The holdfast is a tool that has historically been around for a very long time, but until the late 70’s/early 80’s (if not later) it had fallen off the scope of all but the most devout hand tool woodworker. Luckily, the resurgence of hand tools has helped to bring about this wonderful version from Lie-Nielsen. The Lie-Nielsen holdfast is made out of Cast Ductile Iron which creates a very sturdy tool with enough spring to flex properly in order to either hold your project solidly or retain a batten. The latter is very useful if you are concerned about the risk of any possible compression damage to your work. Each holdfast is 13” long, has a reach of 7.25” and weighs in at 2.15 Ibs. The holdfast has a beautiful hot oil finish and a nice textured surface. The underside of the contact patch on the holdfast is ground to assure proper contact. The holdfast’s shank fits into ¾” diameter holes through your bench, and will hold securely in tops (or legs) of up to 4” thickness. If the top or leg of your bench is thicker than 4”, you may need to relieve a portion of bottom/rearward section to 1” diameter, to obtain a solid hold.
While I’m certain that many readers have seen a holdfast in use, I want to make sure I leave no one in the dark. To utilize a holdfast, the shank is placed into a ¾” diameter through-hole and a mallet or hammer is used to strike the top of the holdfast (green arrow in photo below) to seat it. I’ve used a large wooden mallet and a very small lightweight hammer and both were quite successful seating the holdfast. I have a small flap of leather I glued onto the striking face of my small hammer, so I don’t ding my holdfast, but that’s really just a personal thing. To determine if the holdfast is actually holding securely, just grab it by the head and see if you can move it. If the holdfast doesn’t move, it’s performing properly and nothing more is required until you want/need to move it or remove it. To loosen the holdfast you strike the end of the head (red arrow in photo below), from the shank side, with your hammer/mallet swinging parallel to the bench. It can take a few strikes to loosen it, so don’t worry if the first hit doesn’t loosen the holdfast. Their ability to handle some jostling, and to retain their grip, is why they work so well in woodworking.
While there have been a number of holdfast designs over the ages, Lie-Nielsen’s design seems to make the most sense to me. I’ve used other holdfasts that either had a large arc in it’s shape and/or the front section was very pointed in shape. Lie-Nielsen’s has a very low profile on the bench and the front end is fairly blunt. This may not seem as if it would make any real difference, but when you are working on your project, you might be surprised how your hands or parts of planes/tools want the same space as some holdfasts. The somewhat pointed ends on some holdfasts can certainly remind us of sloppy technique or at least spacial awareness, even without causing bleeding.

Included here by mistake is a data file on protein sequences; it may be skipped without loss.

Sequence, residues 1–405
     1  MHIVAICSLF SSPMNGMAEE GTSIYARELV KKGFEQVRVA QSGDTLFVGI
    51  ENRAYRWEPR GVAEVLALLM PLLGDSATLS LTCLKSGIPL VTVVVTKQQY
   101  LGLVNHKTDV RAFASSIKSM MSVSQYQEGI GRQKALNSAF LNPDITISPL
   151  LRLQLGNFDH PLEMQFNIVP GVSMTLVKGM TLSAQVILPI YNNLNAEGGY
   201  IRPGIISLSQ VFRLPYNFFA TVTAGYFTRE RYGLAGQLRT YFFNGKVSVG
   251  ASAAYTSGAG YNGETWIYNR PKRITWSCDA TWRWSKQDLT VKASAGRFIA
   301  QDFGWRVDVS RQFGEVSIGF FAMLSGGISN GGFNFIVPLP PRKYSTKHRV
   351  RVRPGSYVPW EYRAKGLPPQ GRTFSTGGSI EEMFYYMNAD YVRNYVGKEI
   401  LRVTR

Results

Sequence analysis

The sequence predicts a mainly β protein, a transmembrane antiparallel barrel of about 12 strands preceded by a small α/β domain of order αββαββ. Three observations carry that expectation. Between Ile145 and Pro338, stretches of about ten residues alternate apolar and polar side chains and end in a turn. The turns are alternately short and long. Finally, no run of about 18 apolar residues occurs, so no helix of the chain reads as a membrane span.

Obviously, in order to use a holdfast, you will need to add some ¾” diameter holes in your workbench, assuming it doesn’t already look like a pegboard. I find it useful to take a little time to think about the types of work in which you intend to utilize the holdfasts, prior to drilling a hole, laying the holdfast on the bench to help find the prime locations. This would apply to both the benchtop and the front leg opposite of the front vise, if the leg is flush with the front edge of the top and you wish to restrain the rear section of boards, while holding the front portion in your vise. This assessment should help to limit any time wasted on unnecessary holes, while retaining the maximum strength in your bench. I drilled the holes in my benchtop with a quality ¾” forstner bit and it required an extension to finalize the depth of cut. Just take your time and let the bit feed, clearing regularly, and make sure you use a drill that’s up to the task. A square or two (for both planes) is also useful if you have any trouble drilling vertical, as this size bit can grab fairly ferociously if you lose your focus and let the angle wander.
I use my holdfasts (yes, I have a couple, to cover all contingencies) to hold boards on which I’ve already cut the tails and pins for dovetails, while I chisel out the waste wood. I always make sure to have a thin scrap piece of wood to which I’ve applied a thin piece of leather to the side that will touch my project. I use this to prevent any marring or inadvertent damage from the force of the holdfast. I also regularly utilize my holdfasts when I’m planing the face of a board on my bench. I have a stop I installed on the left end of my bench, which I plane against without clamping the work between dogs. There are times where the contact of the stop is insufficient to prevent the wood from shifting or spinning around, even though the stop stretches about 8” across my benchtop. When this happens I’ll use my holdfast to hold a wood scrap, thinner than my workpiece, at either a right-angle to the workpiece, or parallel to it, depending on what works best.
There are a multitude of uses for a holdfast, of which I’ve just scratched the surface, but hopefully this will provide you with a starting point and you’ll let your imagination run wild. I hope you enjoyed the article and please let me know if you have any questions or comments.